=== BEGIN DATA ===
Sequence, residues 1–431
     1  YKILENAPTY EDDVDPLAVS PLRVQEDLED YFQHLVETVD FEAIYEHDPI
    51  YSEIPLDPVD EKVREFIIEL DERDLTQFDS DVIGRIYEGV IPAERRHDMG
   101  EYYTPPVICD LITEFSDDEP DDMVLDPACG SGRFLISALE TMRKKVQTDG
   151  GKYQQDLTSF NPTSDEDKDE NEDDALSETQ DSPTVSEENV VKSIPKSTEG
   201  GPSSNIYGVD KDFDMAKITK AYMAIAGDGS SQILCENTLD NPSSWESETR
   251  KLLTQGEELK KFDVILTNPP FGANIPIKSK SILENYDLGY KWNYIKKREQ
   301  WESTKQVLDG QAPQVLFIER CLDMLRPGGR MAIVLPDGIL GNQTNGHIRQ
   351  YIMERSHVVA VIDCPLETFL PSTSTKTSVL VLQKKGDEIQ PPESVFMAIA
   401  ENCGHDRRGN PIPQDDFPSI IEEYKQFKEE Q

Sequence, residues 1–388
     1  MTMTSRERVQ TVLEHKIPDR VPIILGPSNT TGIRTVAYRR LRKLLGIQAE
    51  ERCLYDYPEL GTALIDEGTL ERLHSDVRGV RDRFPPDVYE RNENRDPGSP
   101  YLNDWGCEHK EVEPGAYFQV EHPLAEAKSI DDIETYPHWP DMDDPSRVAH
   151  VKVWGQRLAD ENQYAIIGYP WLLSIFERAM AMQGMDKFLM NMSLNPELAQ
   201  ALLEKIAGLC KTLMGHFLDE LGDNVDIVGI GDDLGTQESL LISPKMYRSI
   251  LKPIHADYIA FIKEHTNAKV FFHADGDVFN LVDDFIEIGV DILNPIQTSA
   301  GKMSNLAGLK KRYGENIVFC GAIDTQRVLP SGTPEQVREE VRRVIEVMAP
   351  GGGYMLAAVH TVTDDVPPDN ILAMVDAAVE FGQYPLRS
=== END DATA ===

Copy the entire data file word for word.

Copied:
Sequence, residues 1–431
     1  YKILENAPTY EDDVDPLAVS PLRVQEDLED YFQHLVETVD FEAIYEHDPI
    51  YSEIPLDPVD EKVREFIIEL DERDLTQFDS DVIGRIYEGV IPAERRHDMG
   101  EYYTPPVICD LITEFSDDEP DDMVLDPACG SGRFLISALE TMRKKVQTDG
   151  GKYQQDLTSF NPTSDEDKDE NEDDALSETQ DSPTVSEENV VKSIPKSTEG
   201  GPSSNIYGVD KDFDMAKITK AYMAIAGDGS SQILCENTLD NPSSWESETR
   251  KLLTQGEELK KFDVILTNPP FGANIPIKSK SILENYDLGY KWNYIKKREQ
   301  WESTKQVLDG QAPQVLFIER CLDMLRPGGR MAIVLPDGIL GNQTNGHIRQ
   351  YIMERSHVVA VIDCPLETFL PSTSTKTSVL VLQKKGDEIQ PPESVFMAIA
   401  ENCGHDRRGN PIPQDDFPSI IEEYKQFKEE Q

Sequence, residues 1–388
     1  MTMTSRERVQ TVLEHKIPDR VPIILGPSNT TGIRTVAYRR LRKLLGIQAE
    51  ERCLYDYPEL GTALIDEGTL ERLHSDVRGV RDRFPPDVYE RNENRDPGSP
   101  YLNDWGCEHK EVEPGAYFQV EHPLAEAKSI DDIETYPHWP DMDDPSRVAH
   151  VKVWGQRLAD ENQYAIIGYP WLLSIFERAM AMQGMDKFLM NMSLNPELAQ
   201  ALLEKIAGLC KTLMGHFLDE LGDNVDIVGI GDDLGTQESL LISPKMYRSI
   251  LKPIHADYIA FIKEHTNAKV FFHADGDVFN LVDDFIEIGV DILNPIQTSA
   301  GKMSNLAGLK KRYGENIVFC GAIDTQRVLP SGTPEQVREE VRRVIEVMAP
   351  GGGYMLAAVH TVTDDVPPDN ILAMVDAAVE FGQYPLRS